Ralton & Ors v. Havering College of Further Education
Employment Appeal Tribunal
The previous employer of the appellant teachers had not been bound by a previous collective agreement and therefore their employer after a transfer protected by the Acquired Rights Directive was also not bound to incorporate that collective agreement into the contracts of employment.
Appeal by three teachers from an employment tribunal's dismissal of their claim against the respondent employer ('the College') for a declaration under s.11 Employment Rights Act 1996. The College was a statutory corporation established under the Further and Higher Education Act 1992 and the body responsible for managing and maintaining a college of further and higher education. Before 1 April 1993 the College had been maintained by the local authority. On that date a transfer, to which the Council Directive 77/187/EEC (commonly known as the "Acquired Rights Directive") applied, occurred between the local authority and the College and the appellants' jobs transferred to the College. Before the transfer the appellants' contracts of employment had expressly incorporated the terms of a collective agreement known as the "Silver Book". After the transfer the appellants continued to work under their previous contracts of employment. After that they all entered into new fixed term contracts which also incorporated the Silver Book terms. Before the expiry of those fixed term contracts the appellants entered into new contracts that were fundamentally different from the previous contracts and that, importantly, excluded the Silver Book terms. The appellants submitted in their appeal that: (i) the nature, extent and effect of both an "employment relationship" under Art.3, and a "collective agreement" under Art.3(2) of the Directive fell to be determined by community law; (ii) therefore the Silver Book agreement remained binding on the College unless and until it came to an end in accordance with Art.3; and (iii) Art.4(2) was wide enough to cover the situation where an employee's contract of employment was substantially varied by an employer but the employee nevertheless continued to work.
HELD: (1) The local authority had not been bound to employ the appellants on Silver Book terms, in the absence of a transfer to the College, after the termination of their then existing contracts; see: s.179 Trade Union and Labour Relations (Consolidation) Act 1992 and National Coal Board v National Union of Mineworkers (1986) ICR 736. That conclusion meant that the appellants' argument effectively was that the College was encumbered with different obligations because of the transfer and the Directive from those that the local authority had carried. That was a surprising argument: it flew in the face of the language of Art.3(1) and Art.3(2). Both domestic and ECJ law showed that the purpose and effect of the Directive was not to alter the rights and obligations between employer and employee after transfers of undertakings; see, in particular: per Lord Slynn in British Fuels v Baxendale and Wilson v St Helens Borough Council (1998) ICR 1141. The appellants had chosen to rely on pragmatic and political points rather than rights and obligations. The change from Silver Book terms was no different from other changes in the management of further and higher education colleges. (2) The terms "employment relationship" and "collective agreement" did not have community law meanings because: (i) the existence of a contract of employment or an employment relationship was a matter for national law; (ii) the rights to be protected depended on national rules of law of contract and statute; and (iii) because of the guidance given by the ECJ in Rask (1992) ECR 5755. Therefore no questions needed to be referred to the ECJ. (3) For the reasons in (1) and (2) above, the appellants' argument under Art.3 was rejected. (4) Art.4(2) did not address a variation in contract and then the continuation of that contract. It dealt with constructive dismissal and the responsibility for terminating a contract of employment. The present case did not involve such a termination. In any event, the appellants' argument under Art.4(2) could not survive the failure of their argument under Art.3 because the latter argument had been necessary to point to a right which had been removed. For those reasons, the appellants' argument under Art.4(2) was rejected. (5) The tribunal's decision was not perverse because it was based on evidence before the tribunal. It also contained sufficient reasoning.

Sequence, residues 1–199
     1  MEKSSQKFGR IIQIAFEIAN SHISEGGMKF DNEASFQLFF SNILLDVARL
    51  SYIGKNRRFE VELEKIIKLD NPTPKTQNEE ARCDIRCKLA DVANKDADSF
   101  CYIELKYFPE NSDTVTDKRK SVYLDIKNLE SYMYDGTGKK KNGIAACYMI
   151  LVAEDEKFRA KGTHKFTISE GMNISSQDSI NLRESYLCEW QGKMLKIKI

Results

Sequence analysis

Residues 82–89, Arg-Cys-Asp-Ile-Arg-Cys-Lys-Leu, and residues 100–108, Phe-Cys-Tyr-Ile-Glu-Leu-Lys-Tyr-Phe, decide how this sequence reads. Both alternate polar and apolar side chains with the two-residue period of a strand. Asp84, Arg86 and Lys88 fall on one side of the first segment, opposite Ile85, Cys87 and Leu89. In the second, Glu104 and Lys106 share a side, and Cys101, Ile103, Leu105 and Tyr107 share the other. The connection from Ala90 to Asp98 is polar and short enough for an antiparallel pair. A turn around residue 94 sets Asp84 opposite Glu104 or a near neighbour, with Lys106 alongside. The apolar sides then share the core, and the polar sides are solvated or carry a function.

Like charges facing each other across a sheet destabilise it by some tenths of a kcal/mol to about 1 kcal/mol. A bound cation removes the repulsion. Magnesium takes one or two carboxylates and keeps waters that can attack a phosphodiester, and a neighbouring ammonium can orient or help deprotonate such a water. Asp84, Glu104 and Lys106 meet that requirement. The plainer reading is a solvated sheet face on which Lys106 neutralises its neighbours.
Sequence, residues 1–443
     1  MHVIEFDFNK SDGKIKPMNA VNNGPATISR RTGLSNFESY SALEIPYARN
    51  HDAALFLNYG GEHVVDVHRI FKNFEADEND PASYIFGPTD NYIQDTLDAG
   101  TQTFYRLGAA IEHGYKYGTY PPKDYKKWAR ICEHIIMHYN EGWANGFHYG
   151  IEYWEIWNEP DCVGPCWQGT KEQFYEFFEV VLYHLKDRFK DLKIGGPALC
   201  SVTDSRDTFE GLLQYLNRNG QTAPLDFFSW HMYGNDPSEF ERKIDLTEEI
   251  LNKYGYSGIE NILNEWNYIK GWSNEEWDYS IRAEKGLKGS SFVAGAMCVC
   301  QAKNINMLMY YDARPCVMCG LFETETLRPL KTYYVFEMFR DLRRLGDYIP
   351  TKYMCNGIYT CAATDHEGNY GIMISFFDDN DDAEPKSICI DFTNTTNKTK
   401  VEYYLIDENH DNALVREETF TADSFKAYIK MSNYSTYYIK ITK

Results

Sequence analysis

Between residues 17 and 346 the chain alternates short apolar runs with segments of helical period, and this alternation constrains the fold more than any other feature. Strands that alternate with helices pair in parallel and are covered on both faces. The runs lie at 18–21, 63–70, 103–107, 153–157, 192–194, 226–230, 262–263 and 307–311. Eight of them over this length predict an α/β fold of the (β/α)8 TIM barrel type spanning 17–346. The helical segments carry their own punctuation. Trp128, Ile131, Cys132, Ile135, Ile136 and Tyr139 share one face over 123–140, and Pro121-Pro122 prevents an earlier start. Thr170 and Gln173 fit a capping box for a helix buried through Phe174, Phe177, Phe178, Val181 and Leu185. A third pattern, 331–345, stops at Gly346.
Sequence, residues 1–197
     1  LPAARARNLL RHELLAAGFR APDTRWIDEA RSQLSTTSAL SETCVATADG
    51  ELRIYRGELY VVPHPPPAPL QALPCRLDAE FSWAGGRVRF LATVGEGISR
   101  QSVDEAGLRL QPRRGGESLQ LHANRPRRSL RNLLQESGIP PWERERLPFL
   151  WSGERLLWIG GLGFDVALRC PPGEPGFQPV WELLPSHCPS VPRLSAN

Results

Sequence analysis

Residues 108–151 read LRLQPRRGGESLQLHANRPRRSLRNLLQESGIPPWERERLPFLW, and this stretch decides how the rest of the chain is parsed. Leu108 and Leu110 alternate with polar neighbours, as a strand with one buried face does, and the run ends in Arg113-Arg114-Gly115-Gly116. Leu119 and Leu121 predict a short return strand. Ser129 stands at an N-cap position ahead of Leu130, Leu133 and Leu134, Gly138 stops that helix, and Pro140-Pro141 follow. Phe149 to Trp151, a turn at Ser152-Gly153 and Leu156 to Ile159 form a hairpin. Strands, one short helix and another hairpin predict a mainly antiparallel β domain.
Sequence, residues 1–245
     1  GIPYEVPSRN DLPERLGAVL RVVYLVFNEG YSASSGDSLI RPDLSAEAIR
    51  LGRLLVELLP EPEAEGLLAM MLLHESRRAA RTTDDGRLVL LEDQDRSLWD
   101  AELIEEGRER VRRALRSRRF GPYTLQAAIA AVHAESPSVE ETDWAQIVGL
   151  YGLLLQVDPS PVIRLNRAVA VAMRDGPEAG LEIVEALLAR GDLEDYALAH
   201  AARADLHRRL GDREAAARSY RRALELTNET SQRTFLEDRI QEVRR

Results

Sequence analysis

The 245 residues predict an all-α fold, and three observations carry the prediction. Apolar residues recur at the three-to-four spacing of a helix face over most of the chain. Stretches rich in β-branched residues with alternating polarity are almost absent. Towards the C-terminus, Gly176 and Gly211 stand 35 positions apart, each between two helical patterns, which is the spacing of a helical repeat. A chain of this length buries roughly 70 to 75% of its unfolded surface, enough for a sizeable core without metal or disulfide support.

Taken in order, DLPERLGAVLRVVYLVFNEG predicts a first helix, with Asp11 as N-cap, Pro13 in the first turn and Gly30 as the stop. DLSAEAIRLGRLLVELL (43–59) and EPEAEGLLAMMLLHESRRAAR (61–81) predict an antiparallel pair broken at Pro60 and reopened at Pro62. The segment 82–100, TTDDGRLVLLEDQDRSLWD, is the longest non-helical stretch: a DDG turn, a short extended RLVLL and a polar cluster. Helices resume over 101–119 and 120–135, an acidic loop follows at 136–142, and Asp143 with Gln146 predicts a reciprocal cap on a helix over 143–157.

LTL 29/10/2001, 3 CMLR 57, IRLR 738, Emp LR 1203.